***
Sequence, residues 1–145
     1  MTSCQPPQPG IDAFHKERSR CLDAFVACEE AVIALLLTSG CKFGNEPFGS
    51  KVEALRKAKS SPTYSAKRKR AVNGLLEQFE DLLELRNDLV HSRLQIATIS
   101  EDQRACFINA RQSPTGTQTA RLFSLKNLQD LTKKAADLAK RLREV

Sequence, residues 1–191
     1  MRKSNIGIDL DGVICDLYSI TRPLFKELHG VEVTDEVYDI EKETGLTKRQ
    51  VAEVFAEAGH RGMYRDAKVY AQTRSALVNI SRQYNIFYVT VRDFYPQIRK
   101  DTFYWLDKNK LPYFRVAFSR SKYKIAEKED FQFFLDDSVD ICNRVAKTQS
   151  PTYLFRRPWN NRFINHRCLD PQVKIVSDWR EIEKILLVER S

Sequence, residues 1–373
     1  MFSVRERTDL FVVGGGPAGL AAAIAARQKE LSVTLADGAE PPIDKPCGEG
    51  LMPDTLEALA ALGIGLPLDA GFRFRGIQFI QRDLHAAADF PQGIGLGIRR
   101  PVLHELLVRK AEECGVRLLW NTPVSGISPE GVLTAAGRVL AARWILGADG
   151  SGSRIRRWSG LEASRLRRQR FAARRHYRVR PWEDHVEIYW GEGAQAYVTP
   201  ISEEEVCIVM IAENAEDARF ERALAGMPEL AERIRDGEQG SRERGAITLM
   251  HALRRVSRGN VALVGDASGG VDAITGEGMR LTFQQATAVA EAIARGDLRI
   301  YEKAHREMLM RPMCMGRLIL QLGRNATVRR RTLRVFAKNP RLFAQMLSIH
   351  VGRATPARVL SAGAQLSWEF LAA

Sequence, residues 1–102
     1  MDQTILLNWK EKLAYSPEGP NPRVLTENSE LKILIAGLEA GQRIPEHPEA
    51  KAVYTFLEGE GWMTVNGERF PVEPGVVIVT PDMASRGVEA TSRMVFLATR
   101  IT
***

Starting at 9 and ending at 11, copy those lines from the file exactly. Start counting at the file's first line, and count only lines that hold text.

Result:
   151  PTYLFRRPWN NRFINHRCLD PQVKIVSDWR EIEKILLVER S

Sequence, residues 1–373
     1  MFSVRERTDL FVVGGGPAGL AAAIAARQKE LSVTLADGAE PPIDKPCGEG